Now, these are just little snippets, these ones … things that I found of interest. [Shows more slides]

That’s a Nash car; now it was something that we did in those days. They converted cars into trucks and that one was converted by Ross Dysart & McLean. And Ross Dysart & McLean were right here … right here on the corner. So that truck was converted from a car right here where the library is, and it gave a good service. But things were pretty difficult of course, and Ian went off and worked for Dudley Fickling, who worked for John’s father up the road doing a bit of orchard work, just [to] try and bring some pennies into the household coffers. And as things gradually developed, the business started to gather momentum. We were buying … at that stage most of our bee keeping equipment was bought from Alliance Bee Supplies through Arthur Simmonds & Company – [they] had a business here around the corner opposite Richard Jones’s place. And Simmonds & Co were [was] a wonderful firm, and Len Bissell was managing it at the time. He talked to my father and said, “How much money do you want?” My father said, “£500”; so Simmonds & Company guaranteed an overdraft at the bank for £500 so that Arataki Honey could get going. We didn’t have the money to provide the bee-keeping equipment to get things developed.

We went across the road – Ian and the rest of the family – we went across the road. We had eight acres there and we planted broad beans and lettuces and all sorts of stuff and we sold them all over and paid the money to Simmonds. And I used to pick violets from the garden and sell them at threepence a bunch through Simmonds, and that went to the credit of the company’s account. Oh dear! The things we do.

But with the assistance of Simmonds and the way things were at the time, the business started to gather momentum. What happened after the war was quite a number of the rehab [rehabilitation] bee-keepers were set up too small. They were not viable enterprises, with the result that a lot of bee-keepers got into difficulties. Prices were low, seasons were poor, so you either had to get out or do the other thing; and my father decided he would stick his neck out and buy up the businesses of those who wanted to get out. He did it on the basis that: “I can’t pay you now, I haven’t any cash; but I will pay you over five years. I’ll give you some of the honey that will be produced from the bees that you’re selling to us, or I will buy the honey back from you and pay you in cash.” And he bought up thousands of hives on that basis, and no one was ever disappointed. In almost every case we paid cash rather than hand them over honey. We bought the honey back from them at the going market rate and paid them in cash. We bought up hives from the Wairarapa, the Manawatu, down the coast here, and in more recent times, in the sixties, the Waikato area, and that is a separate but associated story.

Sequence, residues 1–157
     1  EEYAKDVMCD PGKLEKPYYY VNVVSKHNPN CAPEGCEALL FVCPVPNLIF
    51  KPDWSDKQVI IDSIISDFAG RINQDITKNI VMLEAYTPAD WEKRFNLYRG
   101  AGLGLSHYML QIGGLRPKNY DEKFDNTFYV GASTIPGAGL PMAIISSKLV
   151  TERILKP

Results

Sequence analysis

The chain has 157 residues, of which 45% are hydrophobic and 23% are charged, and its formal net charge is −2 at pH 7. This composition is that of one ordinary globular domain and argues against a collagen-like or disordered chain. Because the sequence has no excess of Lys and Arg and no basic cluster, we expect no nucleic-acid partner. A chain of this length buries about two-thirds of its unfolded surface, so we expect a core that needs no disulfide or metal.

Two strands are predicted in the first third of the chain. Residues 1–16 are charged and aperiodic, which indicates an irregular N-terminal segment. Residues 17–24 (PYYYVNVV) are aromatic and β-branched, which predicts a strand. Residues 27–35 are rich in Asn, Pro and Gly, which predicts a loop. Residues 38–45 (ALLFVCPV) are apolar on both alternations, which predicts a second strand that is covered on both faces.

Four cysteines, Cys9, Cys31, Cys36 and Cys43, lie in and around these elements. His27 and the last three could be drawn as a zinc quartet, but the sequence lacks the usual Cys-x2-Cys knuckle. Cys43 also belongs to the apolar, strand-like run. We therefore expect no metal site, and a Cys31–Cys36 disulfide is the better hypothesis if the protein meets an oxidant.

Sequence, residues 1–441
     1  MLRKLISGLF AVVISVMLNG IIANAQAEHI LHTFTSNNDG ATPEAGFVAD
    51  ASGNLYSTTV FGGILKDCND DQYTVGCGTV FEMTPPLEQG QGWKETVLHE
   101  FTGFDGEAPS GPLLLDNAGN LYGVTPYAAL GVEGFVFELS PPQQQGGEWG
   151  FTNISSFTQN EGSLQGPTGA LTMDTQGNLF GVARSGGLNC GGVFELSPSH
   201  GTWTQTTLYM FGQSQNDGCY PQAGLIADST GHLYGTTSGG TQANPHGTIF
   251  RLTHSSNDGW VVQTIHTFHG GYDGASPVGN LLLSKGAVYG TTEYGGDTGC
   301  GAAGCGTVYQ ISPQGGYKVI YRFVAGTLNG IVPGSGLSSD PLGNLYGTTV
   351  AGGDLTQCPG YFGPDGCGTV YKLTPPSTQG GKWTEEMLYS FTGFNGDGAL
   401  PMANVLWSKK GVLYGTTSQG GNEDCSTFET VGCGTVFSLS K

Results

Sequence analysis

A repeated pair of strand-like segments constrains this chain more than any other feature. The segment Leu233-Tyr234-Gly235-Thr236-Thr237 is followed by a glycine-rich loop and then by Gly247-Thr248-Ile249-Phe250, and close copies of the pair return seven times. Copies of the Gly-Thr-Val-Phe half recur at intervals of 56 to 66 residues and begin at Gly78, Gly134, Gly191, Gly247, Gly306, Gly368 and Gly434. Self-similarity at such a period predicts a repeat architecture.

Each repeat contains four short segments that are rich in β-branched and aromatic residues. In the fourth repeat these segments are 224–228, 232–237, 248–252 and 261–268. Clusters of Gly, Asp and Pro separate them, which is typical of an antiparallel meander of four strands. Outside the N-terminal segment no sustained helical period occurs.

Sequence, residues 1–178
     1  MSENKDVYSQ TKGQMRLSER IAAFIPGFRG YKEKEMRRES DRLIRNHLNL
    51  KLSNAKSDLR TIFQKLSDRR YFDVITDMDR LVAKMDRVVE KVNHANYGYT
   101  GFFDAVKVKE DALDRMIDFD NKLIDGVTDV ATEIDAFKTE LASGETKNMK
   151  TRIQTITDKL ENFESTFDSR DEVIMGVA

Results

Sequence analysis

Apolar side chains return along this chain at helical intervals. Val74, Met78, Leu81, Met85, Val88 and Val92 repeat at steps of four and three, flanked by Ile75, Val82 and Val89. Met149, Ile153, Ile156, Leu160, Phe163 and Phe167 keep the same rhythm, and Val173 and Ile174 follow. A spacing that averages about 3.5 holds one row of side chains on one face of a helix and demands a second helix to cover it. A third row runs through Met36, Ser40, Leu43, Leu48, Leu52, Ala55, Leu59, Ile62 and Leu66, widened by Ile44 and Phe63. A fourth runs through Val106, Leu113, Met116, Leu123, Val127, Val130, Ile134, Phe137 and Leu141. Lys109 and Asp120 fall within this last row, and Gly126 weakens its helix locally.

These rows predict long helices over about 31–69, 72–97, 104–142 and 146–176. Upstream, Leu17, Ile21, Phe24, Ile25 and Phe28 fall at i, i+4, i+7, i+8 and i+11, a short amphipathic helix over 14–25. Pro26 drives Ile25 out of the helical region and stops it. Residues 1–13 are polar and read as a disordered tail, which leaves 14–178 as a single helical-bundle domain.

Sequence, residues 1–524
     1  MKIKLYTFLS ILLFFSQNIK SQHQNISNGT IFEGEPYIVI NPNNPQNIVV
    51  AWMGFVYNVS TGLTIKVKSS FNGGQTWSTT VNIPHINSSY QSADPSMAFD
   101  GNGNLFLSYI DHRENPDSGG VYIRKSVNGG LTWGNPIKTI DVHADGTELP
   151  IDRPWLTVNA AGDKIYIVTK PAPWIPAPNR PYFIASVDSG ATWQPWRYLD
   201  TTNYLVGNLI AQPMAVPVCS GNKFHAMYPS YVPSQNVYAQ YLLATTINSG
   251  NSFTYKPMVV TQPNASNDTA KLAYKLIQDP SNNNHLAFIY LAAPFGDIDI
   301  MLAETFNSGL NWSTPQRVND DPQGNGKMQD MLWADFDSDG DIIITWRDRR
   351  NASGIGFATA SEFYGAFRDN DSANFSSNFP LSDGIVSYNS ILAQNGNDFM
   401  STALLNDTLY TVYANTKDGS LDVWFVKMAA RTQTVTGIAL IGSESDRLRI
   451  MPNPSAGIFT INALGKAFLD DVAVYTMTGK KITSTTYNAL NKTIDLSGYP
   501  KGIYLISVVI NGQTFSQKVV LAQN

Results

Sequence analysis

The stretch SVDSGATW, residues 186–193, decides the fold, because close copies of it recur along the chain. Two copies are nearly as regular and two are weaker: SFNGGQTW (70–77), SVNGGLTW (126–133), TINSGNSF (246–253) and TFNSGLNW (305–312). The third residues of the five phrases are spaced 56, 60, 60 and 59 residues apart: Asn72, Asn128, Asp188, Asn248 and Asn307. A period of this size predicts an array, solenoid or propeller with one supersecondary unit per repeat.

But in those days we needed more places to put the hives. So we went to Tutira. There’s the two of them there, my father and my brother. Russell Orr’s photo, I think; one or two of you might remember Russell Orr. And there’s brother Ian; he is picking the larvae out of that bee frame and putting it into a little wax cup which you’ll see he’s got it on a stick there. And then they go into the hive; the hive rears the queen as I said, and the queens go into those queen cages – miles of them stacked behind. And they are the cages which you put into the hive to regenerate the hive. When the queen is ready it comes out and the old queen disappears or is knocked off, and that replaces the hive.

But we wanted to go to Tutira. In those days of course, Tutira was wall-to-wall manuka. Tutira went through the phase where they cleared the manuka and put cows on the country. After twenty years the farmers got tired of getting up early in the morning so they went into sheep. Another twenty or forty years later, quite a few of the farmers have gone back into cows again. But anyway, manuka was the name of the game in Tutira, but no-one wanted to buy manuka honey. It was dark; it was you know, strong-flavoured; all those things … “We want lovely white, clover honey.” Yeah. How things have changed!

Anyway, to keep the cost of running Walter … the old Nash truck … down, we fashioned this machine. This is a 1930 Morris Commercial. No windows on the side, just half-doors, you know; the petrol tank is just outside the front windscreen, and gravity feeds down there provided you don’t go up too steep a hill. Anyway, we built that and we took it to Tutira. There’s my father and my brother Ian up the top there. Inside it there’s a honey extractor which you’ll see better from this one [slide] – the honey extractor and an old Lister milking machine. Mind you, I think … BANG! Bang-bang-bang-bang-bang-bang, then BANG again, you know. One of the old slow-revving ones. So we used to extract the honey on the site up in Tutira.

So we did all that, and we set about buying up all these other units.